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Freedom in the digital age, Equal rights and Social Participation
Art. 1, 2

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Everyone has the same right to participate in society - regardless of income, origin or identity. The reality is that social inequality is on the rise, with many people living below the poverty line without sufficient access to housing or healthcare. Discrimination and exclusion are part of everyday life for queer people, people with a history of immigration and people with disabilities, for example. We use strategic complaints to campaign for equal rights for all people.

Sarah Lincoln

Sarah Lincoln

Lawyer and Head of the Work Area "Anti-Discrimination and Social Participation"

"The Basic Law puts human dignity first. A free society is only possible if all people can live a socially secure and non-discriminatory life. That's why we go to court."

Why we stand up for equal rights and anti-discrimination

Which problem are we addressing?

Freedom of opinion, freedom of assembly, freedom to choose an occupation - many people are familiar with the so-called civil liberties in the German Basic Law. But freedom is of little value if laws are discriminatory or lack the most basic necessities. This is why the Basic Law formulates the principle of equality in Article 3 and the principle of the welfare state in Article 20. Neither promise is being realized today.

Discrimination and stigmatization are part of everyday life for many people,
such as queer people, people of color and people with disabilities. They are still disadvantaged - simply because they are who they are. In addition, good living conditions and social security are not a reality for everyone in Germany. Many people live below subsistence level, without sufficient access to housing or healthcare. People with a history of migration and refugees are particularly often affected by exclusion and poverty.

What precisely are we doing to solve the problem? What is the GFF's role?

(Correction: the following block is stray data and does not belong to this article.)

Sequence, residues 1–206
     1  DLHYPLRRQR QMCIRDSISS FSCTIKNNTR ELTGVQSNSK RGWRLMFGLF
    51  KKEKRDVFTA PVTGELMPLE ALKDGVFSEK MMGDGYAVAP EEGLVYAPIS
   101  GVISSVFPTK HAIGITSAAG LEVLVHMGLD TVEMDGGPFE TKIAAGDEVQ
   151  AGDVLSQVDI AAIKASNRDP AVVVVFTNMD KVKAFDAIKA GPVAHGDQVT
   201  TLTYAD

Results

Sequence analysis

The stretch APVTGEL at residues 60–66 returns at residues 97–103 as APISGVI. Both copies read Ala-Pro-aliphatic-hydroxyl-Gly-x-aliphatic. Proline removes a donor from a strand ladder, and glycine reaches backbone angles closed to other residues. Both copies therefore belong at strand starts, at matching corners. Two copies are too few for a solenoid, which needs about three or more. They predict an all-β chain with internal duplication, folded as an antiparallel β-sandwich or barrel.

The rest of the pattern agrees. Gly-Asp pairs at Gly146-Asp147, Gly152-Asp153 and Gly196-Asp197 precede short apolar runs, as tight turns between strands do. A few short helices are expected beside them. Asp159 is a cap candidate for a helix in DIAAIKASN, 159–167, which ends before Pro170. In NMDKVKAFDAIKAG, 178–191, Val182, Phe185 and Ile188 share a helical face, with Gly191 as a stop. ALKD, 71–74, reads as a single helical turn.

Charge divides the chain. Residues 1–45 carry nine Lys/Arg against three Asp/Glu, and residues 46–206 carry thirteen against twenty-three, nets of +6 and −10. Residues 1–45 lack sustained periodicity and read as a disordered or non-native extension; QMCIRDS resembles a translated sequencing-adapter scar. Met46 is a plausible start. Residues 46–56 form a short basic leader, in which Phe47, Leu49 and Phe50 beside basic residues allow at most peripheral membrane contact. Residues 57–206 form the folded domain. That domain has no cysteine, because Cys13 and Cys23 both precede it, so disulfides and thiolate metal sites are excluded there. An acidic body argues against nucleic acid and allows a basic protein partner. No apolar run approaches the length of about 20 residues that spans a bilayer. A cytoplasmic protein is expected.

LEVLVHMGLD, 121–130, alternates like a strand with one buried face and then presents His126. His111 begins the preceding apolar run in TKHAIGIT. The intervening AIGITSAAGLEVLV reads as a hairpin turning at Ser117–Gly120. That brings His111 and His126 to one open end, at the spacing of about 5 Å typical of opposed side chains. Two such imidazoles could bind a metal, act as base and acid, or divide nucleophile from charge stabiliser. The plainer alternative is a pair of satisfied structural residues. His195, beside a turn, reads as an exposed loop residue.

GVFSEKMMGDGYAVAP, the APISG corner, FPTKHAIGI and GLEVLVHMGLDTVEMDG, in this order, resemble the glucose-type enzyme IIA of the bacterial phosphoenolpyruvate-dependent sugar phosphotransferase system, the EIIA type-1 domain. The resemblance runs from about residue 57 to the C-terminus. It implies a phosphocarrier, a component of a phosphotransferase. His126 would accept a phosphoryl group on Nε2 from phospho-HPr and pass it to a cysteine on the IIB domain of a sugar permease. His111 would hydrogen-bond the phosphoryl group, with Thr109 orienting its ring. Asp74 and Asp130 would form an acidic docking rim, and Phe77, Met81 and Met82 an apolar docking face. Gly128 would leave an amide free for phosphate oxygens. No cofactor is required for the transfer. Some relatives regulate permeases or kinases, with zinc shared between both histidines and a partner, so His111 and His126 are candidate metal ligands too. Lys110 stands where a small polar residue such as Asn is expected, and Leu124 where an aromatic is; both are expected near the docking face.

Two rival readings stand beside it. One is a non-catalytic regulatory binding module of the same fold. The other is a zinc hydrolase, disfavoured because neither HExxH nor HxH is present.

We support the fight for equal rights and social participation by legal means. We take action against laws, authorities and companies that discriminate against members of certain groups. And we go to court to enforce social rights. Our aim is to reach landmark decisions that establish justice and enable all people to lead a dignified life.

We support affected people in claiming their rights and also in telling their stories. By drawing attention to injustices, we stimulate social debate. We support the important work of civil society partner organizations in the areas of advice and advocacy through strategic legal action.

Which rights do we promote?

The general principle of equality and the prohibitions of discrimination derived from it are enshrined in Article 3 of our constitution and in the EU treaties and form the core of a number of international human rights agreements. These prohibitions are lessons learned from past crimes against humanity and were hard-won by disadvantaged groups.

Article 1 of the Basic Law and the welfare state requirement in Article 20 of the Basic Law stipulate that the state must guarantee every person in Germany a minimum subsistence level worthy of human beings. This is not just about bare survival, but also about a minimum level of participation in social, cultural and political life. Legislators and authorities are also obliged by the UN Social Covenant to guarantee social rights. These include the right to adequate housing, the right to education and the best possible standard of health.

Refugees in Germany are just as entitled to equal treatment and appropriate care as everyone else.
In practice, however, refugees are often afforded second-class protection of their basic rights: social welfare for asylum seekers is below the minimum subsistence level, unlimited data is collected and passed on about them and the police illegally enter collective accommodation for asylum seekers.

Grundrechte verteidigen.
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